Resveratrol (RSVL, 3,5,4′-trihydroxy-trans-stilbene) is a naturally occurring antioxidant polyphenol found in plants such as grapes, peanuts, and mulberries. It is well recognized for its presence in red wine and the association with the “French paradox”(Das and Das, 2007). Accumulating evidence shows that RSVL has direct beneficial effects on cardiovascular system, including improving endothelial function (Wallerath et al., 2002; Zhang et al., 2009), decreasing myocardial ischemic reperfusion injury (Lekli et al., 2008), inhibiting reactive oxygen species generation (Martinez and Moreno, 2000), anti-inflammation (Manna et al., 2000), inhibition of modification of low-density lipoproteins (Frankel et al., 1993), and anti-platelet aggregation (Olas et al., 2002). RSVL also has anti-cancer (Athar et al., 2009) and extending lifespan effects (Howitz et al., 2003). Thus, RSVL has a plethora of beneficial effects on diverse biological processes.
Several studies have shown that RSVL inhibits the VSMCs proliferation induced by such diverse stimuli as advanced glycation end-products (AGEs) (Mizutani et al., 2000), ox-LDL (Liu and Liu, 2004), TNFα (Lee and Moon, 2005), angiotensin II (Chao et al., 2005), and hydrogen peroxide (El-Mowafy et al., 2008). While RSVL clearly prevents VSMCs proliferation in these situations, little is known about the direct effect of RSVL on VSMCs differentiation. In this study, we used in vitro tissue cultures to test the hypothesis that RSVL promotes VSMCs differentiation, a process that is generally regarded as being associated with anti-proliferation. However, our results show that RSVL blocked VSMC differentiation in cultured VSMCs.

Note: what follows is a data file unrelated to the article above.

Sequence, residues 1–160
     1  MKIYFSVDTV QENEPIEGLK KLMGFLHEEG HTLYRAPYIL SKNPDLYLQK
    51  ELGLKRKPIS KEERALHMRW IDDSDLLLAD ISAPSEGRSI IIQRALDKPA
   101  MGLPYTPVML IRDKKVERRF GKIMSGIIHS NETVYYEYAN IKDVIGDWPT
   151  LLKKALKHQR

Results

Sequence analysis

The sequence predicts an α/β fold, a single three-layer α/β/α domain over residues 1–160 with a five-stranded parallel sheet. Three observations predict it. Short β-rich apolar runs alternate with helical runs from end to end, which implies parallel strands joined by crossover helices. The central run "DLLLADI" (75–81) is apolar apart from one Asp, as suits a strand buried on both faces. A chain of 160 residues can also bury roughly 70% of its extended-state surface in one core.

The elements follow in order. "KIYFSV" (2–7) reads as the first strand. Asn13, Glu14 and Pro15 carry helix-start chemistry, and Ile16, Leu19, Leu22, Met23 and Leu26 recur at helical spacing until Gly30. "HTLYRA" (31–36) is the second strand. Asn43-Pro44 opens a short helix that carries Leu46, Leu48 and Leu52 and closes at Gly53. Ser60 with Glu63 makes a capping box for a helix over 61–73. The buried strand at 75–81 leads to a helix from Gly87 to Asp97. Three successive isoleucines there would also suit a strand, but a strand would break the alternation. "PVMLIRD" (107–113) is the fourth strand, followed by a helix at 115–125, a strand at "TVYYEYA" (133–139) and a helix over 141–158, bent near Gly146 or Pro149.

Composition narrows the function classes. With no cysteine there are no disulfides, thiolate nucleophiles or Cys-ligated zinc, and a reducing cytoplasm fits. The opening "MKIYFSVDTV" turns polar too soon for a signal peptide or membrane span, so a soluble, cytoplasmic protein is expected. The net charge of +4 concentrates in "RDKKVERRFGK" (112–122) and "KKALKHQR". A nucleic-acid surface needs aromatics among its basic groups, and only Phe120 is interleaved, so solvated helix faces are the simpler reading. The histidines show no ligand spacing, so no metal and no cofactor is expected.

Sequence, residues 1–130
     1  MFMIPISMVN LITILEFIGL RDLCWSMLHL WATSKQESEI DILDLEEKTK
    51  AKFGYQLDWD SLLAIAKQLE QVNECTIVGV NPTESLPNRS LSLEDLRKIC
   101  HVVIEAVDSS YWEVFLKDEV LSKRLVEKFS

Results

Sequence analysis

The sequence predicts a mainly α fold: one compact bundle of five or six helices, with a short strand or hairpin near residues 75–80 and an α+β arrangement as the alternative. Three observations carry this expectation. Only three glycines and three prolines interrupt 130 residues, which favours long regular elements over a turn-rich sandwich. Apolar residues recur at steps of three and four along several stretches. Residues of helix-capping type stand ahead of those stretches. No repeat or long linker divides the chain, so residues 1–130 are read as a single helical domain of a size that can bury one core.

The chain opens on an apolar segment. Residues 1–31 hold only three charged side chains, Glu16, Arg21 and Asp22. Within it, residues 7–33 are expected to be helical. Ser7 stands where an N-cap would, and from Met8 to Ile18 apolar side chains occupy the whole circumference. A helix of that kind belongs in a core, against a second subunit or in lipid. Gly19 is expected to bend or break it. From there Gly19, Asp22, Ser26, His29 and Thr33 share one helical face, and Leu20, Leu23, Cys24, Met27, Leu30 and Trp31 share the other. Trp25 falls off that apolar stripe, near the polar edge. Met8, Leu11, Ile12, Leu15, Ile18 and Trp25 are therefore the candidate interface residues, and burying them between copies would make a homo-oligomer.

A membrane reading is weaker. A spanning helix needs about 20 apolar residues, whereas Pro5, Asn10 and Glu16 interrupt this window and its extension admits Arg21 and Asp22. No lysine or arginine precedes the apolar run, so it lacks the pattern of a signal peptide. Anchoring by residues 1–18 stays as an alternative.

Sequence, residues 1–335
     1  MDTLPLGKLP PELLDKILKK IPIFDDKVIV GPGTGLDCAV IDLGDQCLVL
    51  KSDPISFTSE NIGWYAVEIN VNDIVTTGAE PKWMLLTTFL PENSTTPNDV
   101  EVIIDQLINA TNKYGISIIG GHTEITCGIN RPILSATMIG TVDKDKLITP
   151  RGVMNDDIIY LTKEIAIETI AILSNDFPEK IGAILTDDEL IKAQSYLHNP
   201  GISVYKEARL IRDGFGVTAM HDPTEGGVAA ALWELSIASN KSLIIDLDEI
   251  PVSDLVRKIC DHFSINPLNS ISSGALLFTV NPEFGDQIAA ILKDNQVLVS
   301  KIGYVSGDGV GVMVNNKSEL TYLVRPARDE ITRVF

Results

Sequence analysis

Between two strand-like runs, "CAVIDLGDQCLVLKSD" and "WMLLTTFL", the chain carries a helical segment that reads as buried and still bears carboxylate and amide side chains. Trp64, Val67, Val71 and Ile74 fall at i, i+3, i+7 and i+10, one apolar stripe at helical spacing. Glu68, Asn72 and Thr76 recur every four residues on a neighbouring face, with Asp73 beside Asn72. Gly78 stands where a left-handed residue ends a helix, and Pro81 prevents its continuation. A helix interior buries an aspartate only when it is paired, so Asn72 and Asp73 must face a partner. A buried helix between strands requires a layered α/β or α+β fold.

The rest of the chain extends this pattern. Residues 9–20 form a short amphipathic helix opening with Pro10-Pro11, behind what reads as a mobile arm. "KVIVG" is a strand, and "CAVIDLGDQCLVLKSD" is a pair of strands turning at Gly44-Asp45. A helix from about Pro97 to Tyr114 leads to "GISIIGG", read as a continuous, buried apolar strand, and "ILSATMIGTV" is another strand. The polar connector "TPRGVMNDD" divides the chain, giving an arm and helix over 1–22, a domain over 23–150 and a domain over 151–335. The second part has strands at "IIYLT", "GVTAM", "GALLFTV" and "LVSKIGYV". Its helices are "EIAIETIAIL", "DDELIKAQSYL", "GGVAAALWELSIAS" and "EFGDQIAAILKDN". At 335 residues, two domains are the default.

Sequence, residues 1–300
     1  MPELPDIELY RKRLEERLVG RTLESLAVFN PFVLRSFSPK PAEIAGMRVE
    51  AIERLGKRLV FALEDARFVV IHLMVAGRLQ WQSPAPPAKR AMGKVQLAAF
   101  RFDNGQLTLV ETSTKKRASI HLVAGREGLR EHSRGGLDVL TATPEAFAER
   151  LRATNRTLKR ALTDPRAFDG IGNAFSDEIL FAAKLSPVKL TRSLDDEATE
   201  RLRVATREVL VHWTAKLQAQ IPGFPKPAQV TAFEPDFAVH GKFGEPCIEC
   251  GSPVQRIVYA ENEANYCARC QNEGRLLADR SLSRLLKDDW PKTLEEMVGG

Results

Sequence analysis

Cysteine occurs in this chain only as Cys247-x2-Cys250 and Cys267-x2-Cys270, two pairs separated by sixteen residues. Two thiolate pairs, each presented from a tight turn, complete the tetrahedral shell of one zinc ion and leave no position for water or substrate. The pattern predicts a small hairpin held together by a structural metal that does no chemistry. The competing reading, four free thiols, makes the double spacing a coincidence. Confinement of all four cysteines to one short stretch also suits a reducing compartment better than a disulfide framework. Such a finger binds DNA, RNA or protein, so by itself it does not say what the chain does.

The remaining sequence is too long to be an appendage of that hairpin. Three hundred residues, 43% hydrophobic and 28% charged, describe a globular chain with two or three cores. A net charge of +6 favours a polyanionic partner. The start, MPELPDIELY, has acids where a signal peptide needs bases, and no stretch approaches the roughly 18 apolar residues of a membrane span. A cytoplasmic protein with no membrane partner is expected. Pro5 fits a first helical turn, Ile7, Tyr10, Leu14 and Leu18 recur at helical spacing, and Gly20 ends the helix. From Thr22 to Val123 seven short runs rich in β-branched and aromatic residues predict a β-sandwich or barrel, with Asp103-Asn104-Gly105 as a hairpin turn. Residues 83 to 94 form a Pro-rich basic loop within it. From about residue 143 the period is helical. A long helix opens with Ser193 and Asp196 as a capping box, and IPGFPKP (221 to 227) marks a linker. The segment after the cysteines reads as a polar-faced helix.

Resveratrol (RSVL, # R5010) and actinomycin D (ActD, #A1410) were purchased from Sigma. The antibodies against p53 (#sc-6243, Santa Cruz), β-actin (#4967, Cell Signaling Technology) and GAPDH (#sc-47724, Santa Cruz) were used in this study.
PAC1 cells (a pulmonary artery-derived SMC line) (Rothman et al., 1992) were maintained in DMEM (Invitrogen) with 10 % FBS at 37 °C with 5 % CO2. PAC1 cells at 80% confluence were treated with vehicle (DMSO) or RSVL (freshly made) at different dosage for different time. 10T1/2 cell line is an embryonic mesenchymal progenitor cell line (#CCL-226, ATCC).
Total RNA from PAC1 cells was extracted and purified using RNeasy Kit (Qiagen). cDNAs were synthesized using the Superscript II reverse transcriptase (Invitrogen). Real-time PCR was performed using the StepOnePlus system (Applied Biosystems) in the presence of SYBR Green. snRNA U6 was used as the internal control, and all PCR primers were designed to cover at least 2 exons (Table 1).